In March 2016 the journal Science released a series of papers on the findings of the New Horizons Deep Space Probe as it passed by the Yuggothian (to many known as Pluto) system, located on the outer rim of our Solar System. This is one of a series of short articles that summarizes these papers.
The Mi-Go, artwork by Doctorgurgul, are known to live on Yuggoth (www.deviantart.com)
Some of the major objectives of the New Horizons probe included a characterization of structure and composition of Yuggoth’s atmosphere and to determine if its moon Charon has a detectable atmosphere. New Horizons has a wide array of sensors and instruments to collect data on Yuggoth. The collection of near-surface temperature and pressure profiles through a radio wave instrument revealed that Yuggoth has an atmosphere that can produce weak horizontal winds. Through the use of an ultraviolet spectrograph nitrogen and methane were detected in the Yuggothian atmosphere; additionally the photochemicals acetylene and ethylene were identified. There is also evidence for the presence of some unknown cooling agent in the atmosphere. Photochemical reactions of simple organic compounds have been documented in the thick, hazy atmosphere of Titan, Saturn’s largest moon, and provide evidence for large liquid bodies (lakes?) on that moon. However, such photochemical reactions were not expected to be found in Yuggoth’s atmosphere.
The hazy blue atmosphere of Yuggoth may be due to tholin-like particles (www.cdn4-sci-news.com)
A thin but extensive, high altitude, cold atmosphere was detected by New Horizons around Yuggoth. The atmosphere has a bluish color, suggesting it is composed of very small, tholin-like particles. The word “tholins” was first coined and defined in 1979 by Carl Sagan and Bishun Khare in the paper, “Tholins: organic chemistry of interstellar grains and gas,” published in the journal Nature.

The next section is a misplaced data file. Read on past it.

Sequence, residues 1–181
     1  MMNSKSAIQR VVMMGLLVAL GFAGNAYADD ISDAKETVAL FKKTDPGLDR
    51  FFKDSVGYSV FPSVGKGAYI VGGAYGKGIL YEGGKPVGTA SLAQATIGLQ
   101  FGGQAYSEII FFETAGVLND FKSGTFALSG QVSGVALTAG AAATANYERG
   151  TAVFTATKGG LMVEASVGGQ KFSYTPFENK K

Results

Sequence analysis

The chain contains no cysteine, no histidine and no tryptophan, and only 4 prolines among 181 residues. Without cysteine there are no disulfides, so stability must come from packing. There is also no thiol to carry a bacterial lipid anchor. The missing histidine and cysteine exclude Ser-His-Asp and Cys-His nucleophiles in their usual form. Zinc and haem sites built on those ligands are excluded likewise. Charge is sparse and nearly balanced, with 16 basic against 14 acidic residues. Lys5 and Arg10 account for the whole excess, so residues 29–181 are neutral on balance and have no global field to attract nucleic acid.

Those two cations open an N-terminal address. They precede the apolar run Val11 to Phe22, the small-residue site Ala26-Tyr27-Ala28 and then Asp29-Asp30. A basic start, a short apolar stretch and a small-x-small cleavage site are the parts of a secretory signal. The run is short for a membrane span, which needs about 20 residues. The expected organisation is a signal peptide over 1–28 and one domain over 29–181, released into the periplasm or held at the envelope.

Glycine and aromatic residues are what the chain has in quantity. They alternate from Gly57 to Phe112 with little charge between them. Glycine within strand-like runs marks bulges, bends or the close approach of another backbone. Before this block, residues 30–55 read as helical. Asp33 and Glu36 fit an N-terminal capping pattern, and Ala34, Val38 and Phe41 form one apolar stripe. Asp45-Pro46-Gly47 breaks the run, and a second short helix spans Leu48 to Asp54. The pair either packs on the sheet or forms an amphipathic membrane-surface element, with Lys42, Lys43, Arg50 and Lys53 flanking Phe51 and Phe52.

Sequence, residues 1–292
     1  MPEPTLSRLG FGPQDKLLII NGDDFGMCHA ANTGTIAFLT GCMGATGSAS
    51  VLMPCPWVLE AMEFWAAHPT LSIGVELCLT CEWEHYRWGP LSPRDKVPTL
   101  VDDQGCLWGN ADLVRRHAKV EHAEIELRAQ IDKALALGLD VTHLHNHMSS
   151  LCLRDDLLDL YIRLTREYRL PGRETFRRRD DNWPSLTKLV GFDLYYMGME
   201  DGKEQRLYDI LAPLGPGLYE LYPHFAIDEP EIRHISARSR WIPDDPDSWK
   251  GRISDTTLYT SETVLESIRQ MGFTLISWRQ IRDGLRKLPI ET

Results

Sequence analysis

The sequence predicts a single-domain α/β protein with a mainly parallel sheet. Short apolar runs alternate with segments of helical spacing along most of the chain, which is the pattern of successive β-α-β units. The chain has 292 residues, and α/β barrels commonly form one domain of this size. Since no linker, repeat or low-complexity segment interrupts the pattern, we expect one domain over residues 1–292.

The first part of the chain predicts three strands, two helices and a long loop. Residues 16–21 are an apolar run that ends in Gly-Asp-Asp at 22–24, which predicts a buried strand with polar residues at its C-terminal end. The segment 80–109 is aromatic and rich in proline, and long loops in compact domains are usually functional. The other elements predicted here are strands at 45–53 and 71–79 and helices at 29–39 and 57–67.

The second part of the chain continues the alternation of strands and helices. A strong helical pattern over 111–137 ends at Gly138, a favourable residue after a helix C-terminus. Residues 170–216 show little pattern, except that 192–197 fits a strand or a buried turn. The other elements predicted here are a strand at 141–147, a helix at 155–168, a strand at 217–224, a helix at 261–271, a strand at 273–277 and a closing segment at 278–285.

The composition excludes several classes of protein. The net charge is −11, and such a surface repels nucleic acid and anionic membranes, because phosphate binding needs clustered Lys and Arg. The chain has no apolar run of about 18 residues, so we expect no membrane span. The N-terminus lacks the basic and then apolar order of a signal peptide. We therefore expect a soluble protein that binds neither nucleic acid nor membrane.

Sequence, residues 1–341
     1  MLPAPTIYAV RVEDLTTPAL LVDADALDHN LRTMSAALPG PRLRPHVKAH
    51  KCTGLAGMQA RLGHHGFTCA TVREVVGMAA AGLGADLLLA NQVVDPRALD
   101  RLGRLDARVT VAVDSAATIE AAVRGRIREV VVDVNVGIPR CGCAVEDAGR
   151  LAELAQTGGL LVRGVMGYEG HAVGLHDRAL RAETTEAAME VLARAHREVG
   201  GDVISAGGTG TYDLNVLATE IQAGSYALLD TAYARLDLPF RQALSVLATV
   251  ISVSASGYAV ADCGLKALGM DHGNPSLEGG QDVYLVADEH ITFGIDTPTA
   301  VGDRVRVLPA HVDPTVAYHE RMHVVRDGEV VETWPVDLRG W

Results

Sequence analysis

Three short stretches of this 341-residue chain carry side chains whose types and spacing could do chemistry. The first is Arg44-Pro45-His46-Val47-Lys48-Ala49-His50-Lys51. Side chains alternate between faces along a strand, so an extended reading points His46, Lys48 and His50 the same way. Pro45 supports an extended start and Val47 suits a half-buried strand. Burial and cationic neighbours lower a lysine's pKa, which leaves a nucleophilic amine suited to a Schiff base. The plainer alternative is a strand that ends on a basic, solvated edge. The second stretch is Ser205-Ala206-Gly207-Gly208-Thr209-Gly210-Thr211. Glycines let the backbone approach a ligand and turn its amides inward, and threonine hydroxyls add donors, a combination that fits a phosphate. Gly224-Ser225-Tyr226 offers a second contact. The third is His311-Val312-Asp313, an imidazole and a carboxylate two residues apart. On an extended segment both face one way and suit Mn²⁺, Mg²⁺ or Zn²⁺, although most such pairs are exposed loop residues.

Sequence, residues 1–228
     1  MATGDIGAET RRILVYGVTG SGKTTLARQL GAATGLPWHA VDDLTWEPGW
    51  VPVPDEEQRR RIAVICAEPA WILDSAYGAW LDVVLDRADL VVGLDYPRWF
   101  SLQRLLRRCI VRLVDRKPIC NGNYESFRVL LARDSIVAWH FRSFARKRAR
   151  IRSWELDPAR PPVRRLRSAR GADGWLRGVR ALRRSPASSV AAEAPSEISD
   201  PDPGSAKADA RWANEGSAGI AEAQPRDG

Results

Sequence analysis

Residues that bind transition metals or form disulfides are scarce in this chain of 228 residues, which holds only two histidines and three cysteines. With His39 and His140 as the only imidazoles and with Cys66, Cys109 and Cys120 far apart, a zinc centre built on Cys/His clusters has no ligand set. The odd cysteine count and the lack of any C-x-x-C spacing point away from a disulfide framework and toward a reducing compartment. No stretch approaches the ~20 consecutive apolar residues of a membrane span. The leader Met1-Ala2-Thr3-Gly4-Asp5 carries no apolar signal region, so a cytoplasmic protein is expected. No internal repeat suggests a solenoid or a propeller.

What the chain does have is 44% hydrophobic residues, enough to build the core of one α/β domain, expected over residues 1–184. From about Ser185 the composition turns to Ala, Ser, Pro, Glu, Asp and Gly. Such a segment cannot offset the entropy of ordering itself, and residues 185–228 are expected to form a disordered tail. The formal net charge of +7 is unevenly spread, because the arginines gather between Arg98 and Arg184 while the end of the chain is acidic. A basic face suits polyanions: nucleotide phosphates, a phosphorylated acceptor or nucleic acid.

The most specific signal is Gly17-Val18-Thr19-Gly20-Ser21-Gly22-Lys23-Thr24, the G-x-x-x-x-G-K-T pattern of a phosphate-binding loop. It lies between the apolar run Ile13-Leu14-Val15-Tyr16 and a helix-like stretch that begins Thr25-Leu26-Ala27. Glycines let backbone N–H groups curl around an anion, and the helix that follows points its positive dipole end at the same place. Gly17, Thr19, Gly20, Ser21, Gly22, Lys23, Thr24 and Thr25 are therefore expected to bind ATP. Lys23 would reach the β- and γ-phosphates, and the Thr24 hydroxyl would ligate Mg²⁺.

The production of tholins in the Sagan Khare experiments (Sarah Horst of Johns Hopkins University)
In 1970 Carl Sagan and others ran laboratory experiments at Cornell University where mixtures of organic and inorganic gases known to exist in the cosmos were irradiated with various energy sources (such as UV light or a spark discharge). The results were a variety of complex organic compounds, forming a brown, sticky residue on the treatment flasks. Sagan and Khare called this material “tholins.” It is thought that tholins may be an important component of the atmosphere of Titan, comets and even Earth’s ancient oceans. Tholins may be the precursor for life. Indeed, it may be tholin-like compounds that the Elder Things used to either create life on Earth or increase its complexity by creating eukaryotic cells out of simple prokaryotic cells. In regard to Yuggoth some of dwarf planet’s red surface colors as well as those found at the pole of Charon its largest moon, may be due to the presence of tholins. Thus, these organic complexes may be responsible for both the reddish colors found on the surface of Yuggoth as well as for the bluish haze in its upper atmosphere.
The reddish color on some parts of Yuggoth may be due to deposits of organic complexes such as tholins (www.nasa.gov).
In conclusion the New Horizons probe discovered a surprisingly complex atmosphere surrounding Yuggoth. The unusually cold and hazy upper atmosphere suggests a lower escape rate for volatile compounds such as methane, indicating a recycling of these compounds thus creating a somewhat stable atmosphere. Perhaps the Mi-Go utilize these compounds through a form of chemotrophy, where these simple organic compounds, possibly being created through photochemical reactions, are used as a source of energy through oxidation. One could image the Mi-Go floating or cruising the upper atmosphere of Yuggoth, collecting tholin-like particles by some currently unrecognized ventral organ.
Early interpretation of a Mi-Go by KingOvRats (www.deviantart.com)
The next article in this series will focus on the satellites of Yuggoth. Thank you – Fred.